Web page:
Details of what the Giants offered have not been reported yet. 

Stanton, who recently turned 28, is guaranteed $295 million over the next 10 seasons. His contract includes a full no-trade clause and an opt-out after 2020. 

On Thursday, Stanton was named the National League MVP after hitting .281 with a league-leading 59 home runs and 132 RBI. The last MVP to be traded in the offseason after winning the award was Alex Rodriguez from the Rangers to the Yankees before the 2004 season. 

How seven Giants prospects performed in the 2017 Arizona Fall League

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How seven Giants prospects performed in the 2017 Arizona Fall League

The Arizona Fall League came to an end for seven Giants prospects on Thursday as the Scottsdale Scorpions (12-17-1) came up short from playing in Saturday's championship game. 

Let's take a look at how these seven names fared against some of the top young talent in all of baseball. 

The Hitters

As the Giants are linked to trade targets in center field like Billy Hamilton and Jackie Bradley Jr., a young in-house option only helped his case in the desert.

Steven Duggar likely would have seen the AT&T outfield this season, but his season was hindered by injuries, keeping him to only 44 games between three levels. With the Scorpions, Duggar took advantage of his opportunity with more at-bats. 

Duggar left Arizona with a .263/.367/.421 slash line over 20 games. The speedy lefty also stole nine bases and hit three home runs. Even if the Giants go for an experienced glove in center field this offseason and keep Duggar, the 24-year-old has also played 135 games in right field during his minor league career.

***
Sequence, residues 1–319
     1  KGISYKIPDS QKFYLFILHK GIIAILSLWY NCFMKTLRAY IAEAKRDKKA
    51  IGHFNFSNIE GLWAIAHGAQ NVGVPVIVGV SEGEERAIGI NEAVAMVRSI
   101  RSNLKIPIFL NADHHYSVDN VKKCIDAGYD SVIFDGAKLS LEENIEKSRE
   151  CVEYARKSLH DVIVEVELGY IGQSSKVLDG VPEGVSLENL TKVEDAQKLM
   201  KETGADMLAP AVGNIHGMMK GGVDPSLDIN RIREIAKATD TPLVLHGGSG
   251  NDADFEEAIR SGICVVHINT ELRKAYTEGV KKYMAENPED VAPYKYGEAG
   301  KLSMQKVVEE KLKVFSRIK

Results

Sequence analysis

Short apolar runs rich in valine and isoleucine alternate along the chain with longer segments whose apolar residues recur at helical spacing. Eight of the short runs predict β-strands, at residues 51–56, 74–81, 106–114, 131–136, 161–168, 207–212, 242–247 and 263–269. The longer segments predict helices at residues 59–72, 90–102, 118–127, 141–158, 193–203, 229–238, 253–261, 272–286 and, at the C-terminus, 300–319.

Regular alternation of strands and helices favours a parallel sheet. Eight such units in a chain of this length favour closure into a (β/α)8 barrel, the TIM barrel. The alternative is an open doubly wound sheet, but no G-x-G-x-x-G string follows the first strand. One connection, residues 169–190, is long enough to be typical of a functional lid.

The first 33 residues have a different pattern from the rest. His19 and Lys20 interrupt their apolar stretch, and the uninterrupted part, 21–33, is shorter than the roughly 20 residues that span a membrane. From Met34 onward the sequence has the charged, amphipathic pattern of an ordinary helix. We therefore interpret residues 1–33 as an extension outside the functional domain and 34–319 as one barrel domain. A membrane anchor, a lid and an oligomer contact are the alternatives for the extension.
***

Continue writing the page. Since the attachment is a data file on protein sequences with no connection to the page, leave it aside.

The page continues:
For the second straight year, the Giants sent catcher Aramis Garcia to the AFL. And he's sure to be coming home much happier this go around with an up-and-down campaign.

Splitting time behind the plate with three other catchers, Garcia appeared in 13 games and slashed .259/.293/.333 and hit one home run. Garcia struggled to get one base with only one walk to 10 strikeouts, but showed his natural ability to drive runs in with 10 RBI. 

Rounding out the Giants' trio of bats they sent to Arizona is arguably their top prospect, but his time in the AFL was cut short. Chris Shaw only played in five games and hit .158. He dealt with a sore shoulder.

The Pitchers

The Giants sent two starting pitchers (Tyler Beede and Joan Gregorio) and two relievers (Tyler Cyr and D.J. Snelten) to the AFL. 

Pitching for the first time in nearly three months, Beede showed exactly why he's the Giants' top pitching prospect. Beede went 0-1 with a 4.50 ERA in four starts, but his final three show the potential he's full of -- 14 innings pitched, three earned runs, a 1.93 ERA, 10 strikeouts and only one walk. 

Gregorio, who was suspended this season for Performance Enhancing Drugs, pitched in eight games (three starts) for Scottsdale. He left with a 1-0 record and 5.87 ERA. In Triple-A, Gregorio went 4-4 with a 3.04 ERA this year over 13 starts. The 25-year-old presents an interesting arm that can help sooner than later in the bullpen. 

Cyr's stats don't look pretty (0-1, 5.63 ERA, 8 IP), but he's catching some attention. The right-hander was named to the Fall Stars Game and is most likely to start 2018 in Triple-A after converting 18 saves at Double-A in 2017. 

Snelten, a 6-foot-7 lefty, impressed in eight appearances out of the bullpen. He didn't allow an earned run until his final outing of the fall, bringing his ERA from a perfect 0.00 to 2.25 in 12 innings pitched.

After combining for a 2.20 ERA to go with an 8-1 record between Double-A and Triple-A in 2017, Snelten is a name to know as the Giants look to find more lefties for their bullpen.